Equalities watchdog chief gets it right on Boris Johnson

Well said, Rebecca Hilsenrath, Chief Executive of the Equality and Human Rights Commission on Boris Johnson’s burka rhetoric:

The effectiveness of our democratic society depends on freedom of expression and the expression of offensive and intolerant opinions is generally not unlawful.

Boris Johnson’s use of language in this instance, which risks dehumanising and vilifying Muslim women, is inflammatory and divisive.

Political figures should lead by example, conducting debates in a responsible manner and language such as this can inhibit legitimate dialogue.

With the Conservative Party looking seriously as disciplinary action against Boris Johnson, it may be that people are looking at the wrong place on the political spectrum for possible significant new political parties:


6 responses to “Equalities watchdog chief gets it right on Boris Johnson”

  1. Mogg is coming out on Johnsons side.
    This new fledgling party with its £50 million wants to consider the immigration problem.
    Talking about immigrants clothing distracts from the catastrophic of Brexit
    A scenario here is that Brexit is a disaster and immigrants get blamed.

  2. Seems entirely possible to me.
    1) There is already a UKIP that (kind of) fills the niche but is now in dire straits.
    2) There is already significant flux between Tories and UKIP.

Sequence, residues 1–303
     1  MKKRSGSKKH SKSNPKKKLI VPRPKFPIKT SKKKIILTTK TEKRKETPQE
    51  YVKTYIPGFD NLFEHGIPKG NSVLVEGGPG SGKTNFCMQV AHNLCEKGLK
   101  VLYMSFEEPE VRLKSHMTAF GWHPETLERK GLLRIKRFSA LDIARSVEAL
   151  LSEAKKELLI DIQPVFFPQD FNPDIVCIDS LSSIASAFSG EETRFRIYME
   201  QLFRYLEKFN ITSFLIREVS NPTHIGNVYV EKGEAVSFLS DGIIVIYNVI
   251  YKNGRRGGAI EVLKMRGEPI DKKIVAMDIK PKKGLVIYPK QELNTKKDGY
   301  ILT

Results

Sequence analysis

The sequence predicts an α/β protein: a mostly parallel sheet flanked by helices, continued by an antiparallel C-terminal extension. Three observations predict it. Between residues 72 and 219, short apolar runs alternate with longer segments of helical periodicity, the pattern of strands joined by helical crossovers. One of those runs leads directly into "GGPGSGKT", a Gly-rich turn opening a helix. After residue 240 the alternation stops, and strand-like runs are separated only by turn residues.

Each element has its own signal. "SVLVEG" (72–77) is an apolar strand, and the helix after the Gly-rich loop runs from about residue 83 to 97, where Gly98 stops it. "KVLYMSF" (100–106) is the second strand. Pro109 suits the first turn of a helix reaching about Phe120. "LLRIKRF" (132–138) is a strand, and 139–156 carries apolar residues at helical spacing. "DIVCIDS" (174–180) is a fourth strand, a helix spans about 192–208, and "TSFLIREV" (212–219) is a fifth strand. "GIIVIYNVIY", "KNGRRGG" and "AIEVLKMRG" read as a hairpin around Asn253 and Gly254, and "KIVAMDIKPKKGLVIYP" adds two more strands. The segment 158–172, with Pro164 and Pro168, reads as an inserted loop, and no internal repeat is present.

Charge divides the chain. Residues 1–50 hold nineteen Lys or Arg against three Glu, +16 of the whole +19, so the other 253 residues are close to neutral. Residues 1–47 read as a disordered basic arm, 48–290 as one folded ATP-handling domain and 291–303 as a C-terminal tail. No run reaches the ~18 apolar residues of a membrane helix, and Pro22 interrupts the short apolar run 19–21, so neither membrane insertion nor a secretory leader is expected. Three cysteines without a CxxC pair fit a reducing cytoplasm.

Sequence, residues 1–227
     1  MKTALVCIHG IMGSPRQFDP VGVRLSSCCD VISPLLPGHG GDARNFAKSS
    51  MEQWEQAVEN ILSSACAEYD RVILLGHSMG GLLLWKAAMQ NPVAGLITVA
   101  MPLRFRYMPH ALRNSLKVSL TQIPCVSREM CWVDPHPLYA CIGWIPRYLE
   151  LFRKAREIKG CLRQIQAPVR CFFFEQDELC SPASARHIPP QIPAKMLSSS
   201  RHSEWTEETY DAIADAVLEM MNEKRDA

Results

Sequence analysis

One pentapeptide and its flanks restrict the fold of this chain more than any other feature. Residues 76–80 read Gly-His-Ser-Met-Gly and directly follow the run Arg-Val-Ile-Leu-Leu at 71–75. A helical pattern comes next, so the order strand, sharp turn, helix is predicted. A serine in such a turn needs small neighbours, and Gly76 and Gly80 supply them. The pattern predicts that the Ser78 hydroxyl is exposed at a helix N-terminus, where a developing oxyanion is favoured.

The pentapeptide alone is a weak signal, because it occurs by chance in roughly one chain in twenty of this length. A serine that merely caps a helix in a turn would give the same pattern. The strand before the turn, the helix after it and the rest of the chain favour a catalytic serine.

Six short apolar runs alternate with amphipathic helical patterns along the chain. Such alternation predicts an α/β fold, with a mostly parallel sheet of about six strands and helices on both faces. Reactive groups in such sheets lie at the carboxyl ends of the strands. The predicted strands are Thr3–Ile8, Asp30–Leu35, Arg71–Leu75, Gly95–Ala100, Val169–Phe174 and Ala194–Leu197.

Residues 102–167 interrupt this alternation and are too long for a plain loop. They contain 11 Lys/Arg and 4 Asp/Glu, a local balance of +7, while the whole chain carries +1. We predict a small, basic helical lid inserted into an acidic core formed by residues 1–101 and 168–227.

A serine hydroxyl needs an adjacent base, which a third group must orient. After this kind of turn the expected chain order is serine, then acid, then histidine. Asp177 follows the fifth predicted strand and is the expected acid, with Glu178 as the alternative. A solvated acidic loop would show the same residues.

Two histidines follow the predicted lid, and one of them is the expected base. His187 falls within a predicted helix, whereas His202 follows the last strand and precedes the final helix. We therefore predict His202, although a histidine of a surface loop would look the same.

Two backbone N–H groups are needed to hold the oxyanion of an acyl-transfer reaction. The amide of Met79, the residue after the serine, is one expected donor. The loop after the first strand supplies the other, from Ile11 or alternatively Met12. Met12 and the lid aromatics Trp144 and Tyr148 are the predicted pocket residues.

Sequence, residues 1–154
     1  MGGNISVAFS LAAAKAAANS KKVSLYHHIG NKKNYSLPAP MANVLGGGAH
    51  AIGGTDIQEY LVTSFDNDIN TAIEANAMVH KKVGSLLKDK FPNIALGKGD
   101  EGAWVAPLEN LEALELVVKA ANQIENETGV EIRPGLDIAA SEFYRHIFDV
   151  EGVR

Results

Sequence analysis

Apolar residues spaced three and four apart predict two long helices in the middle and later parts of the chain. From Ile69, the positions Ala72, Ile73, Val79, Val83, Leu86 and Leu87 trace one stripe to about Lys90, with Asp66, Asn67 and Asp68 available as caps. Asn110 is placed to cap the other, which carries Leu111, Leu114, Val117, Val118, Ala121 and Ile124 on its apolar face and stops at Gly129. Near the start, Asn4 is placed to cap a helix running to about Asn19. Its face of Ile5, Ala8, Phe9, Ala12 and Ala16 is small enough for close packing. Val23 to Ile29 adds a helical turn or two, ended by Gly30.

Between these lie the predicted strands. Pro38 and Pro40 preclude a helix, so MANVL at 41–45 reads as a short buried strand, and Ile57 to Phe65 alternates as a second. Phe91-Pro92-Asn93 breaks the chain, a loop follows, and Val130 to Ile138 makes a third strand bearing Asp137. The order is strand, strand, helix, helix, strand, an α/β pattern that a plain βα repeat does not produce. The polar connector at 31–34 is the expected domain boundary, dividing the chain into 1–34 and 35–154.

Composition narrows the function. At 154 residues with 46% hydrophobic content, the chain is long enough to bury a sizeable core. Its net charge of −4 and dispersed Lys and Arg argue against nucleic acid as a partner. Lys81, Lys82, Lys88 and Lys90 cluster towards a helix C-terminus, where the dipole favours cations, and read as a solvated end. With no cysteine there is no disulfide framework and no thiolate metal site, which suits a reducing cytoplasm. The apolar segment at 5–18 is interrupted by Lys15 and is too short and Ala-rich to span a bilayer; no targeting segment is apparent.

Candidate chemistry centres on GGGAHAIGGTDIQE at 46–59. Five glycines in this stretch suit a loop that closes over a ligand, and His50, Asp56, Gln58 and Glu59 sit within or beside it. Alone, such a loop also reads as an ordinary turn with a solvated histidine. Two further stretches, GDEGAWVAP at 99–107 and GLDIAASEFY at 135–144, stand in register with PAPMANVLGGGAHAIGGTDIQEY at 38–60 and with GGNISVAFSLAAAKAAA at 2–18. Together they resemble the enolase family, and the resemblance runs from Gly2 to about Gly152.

3) The Tories really are pulling themselves apart over Europe.

    1) FPTP
    2) FPTP
    3) FPTP
    Also, (4) Tories hate losing.

    If they do, the question then becomes, what happens to the rump-Tories (maybe rCon would be a nicer name) ? Do they stand against Boris-KIP (ENP ?) ?

    Do centre-right MPs join the Lib Dems ? Along with Centre-left MPs ? Or a new broad central coalition of Centre-right, centre, centre left, SNP and Green, on a ‘stop-Boris’ and ‘Stop-Corbyn’ and pro-EU ticket ? How would tactics and FPTP be negotiated ?

    Actually, I suspect not. Boris fancies being PM. In the context of FPTP, climbing to the top of the Tories is his best bet. So he will take it.

  3. It sounds a bit contradictory. We had this debate with the french bombings following a magazine article or cartoon. Freedom of expression must take into account the likely effect of such utterances. And in the public realm even more notice should be taken. What is acceptable during a night in the pub might not be in a newspaper article. We expect public figures to act responsibly.

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